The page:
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This gnarled, twisted black pine is 60 years old and 14 inches tall. Trained to grow on a hollowed-out rock as if it is clinging to a sharp peak, the pine cannot be removed without harming the plant.
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Saeko Oshiro, the woman responsible for all the wonderful bonsai at Shanti Bithi Nursery, in Stamford, Connecticut, possesses a wealth of knowledge, which she gained from her grandfather in Japan. We are working on a Japanese Ezo spruce, which is much loved for its tiny needles that further the illusion of scale.
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Forces of Nature
The art of bonsai strives to re-create the effects of weather, time, and plant growth in miniature. The deadwood trunk of this 100-year-old Korean boxwood is carved in a style suggesting the hardships that a tree would endure in nature.
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The many aerial roots of a dwarf ficus call to mind a giant banyan tree.
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Each bonsai is displayed like sculpture at Shanti Bithi Nursery.
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The leaves of this lace-leaf Japanese maple -- here, a brilliant yellow -- turn colors, just like a full-size tree.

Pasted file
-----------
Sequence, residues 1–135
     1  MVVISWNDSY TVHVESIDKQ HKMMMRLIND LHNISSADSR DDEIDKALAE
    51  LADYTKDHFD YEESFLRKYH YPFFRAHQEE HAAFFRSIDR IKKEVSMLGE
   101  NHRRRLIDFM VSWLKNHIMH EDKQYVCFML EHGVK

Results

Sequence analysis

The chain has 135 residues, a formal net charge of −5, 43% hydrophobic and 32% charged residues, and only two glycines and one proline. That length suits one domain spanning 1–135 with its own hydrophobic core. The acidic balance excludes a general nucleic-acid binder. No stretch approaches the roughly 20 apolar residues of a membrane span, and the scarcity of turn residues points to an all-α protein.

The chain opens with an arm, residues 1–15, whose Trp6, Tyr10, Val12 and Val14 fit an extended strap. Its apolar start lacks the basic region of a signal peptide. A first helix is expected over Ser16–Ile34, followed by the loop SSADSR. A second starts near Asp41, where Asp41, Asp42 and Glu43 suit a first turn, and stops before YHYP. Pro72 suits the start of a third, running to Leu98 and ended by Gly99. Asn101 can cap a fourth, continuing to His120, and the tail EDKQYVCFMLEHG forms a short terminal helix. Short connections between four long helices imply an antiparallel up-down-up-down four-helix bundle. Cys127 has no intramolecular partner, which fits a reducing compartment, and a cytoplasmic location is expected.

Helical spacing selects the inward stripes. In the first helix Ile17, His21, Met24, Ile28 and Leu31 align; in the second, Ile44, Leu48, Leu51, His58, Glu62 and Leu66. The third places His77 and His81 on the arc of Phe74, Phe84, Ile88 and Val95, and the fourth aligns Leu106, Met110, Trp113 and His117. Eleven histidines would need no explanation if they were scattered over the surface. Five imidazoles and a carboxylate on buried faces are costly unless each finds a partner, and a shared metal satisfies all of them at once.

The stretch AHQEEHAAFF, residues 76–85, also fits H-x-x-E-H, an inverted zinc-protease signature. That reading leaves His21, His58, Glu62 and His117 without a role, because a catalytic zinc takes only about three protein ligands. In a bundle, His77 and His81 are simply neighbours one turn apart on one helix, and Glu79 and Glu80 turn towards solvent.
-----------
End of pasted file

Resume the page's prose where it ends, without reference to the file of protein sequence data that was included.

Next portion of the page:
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An 80-year-old 'Kingsville' boxwood resembles a grove of sinuous trunks.
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Tools of the Trade
A complete Japanese tool kit for training potted trees includes tweezers, a rake, concave cutters, shears, brushes, and a saw.
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Warm-climate plants such as bougainvillea are more suited to indoor situations than many deciduous trees or evergreens, which require a cold dormant period.
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The knobby branches and autumnal coloration of this Korean hornbeam exemplify maturity and the passing of the seasons. At its heart, bonsai is a celebration of the fleeting gestures of nature.
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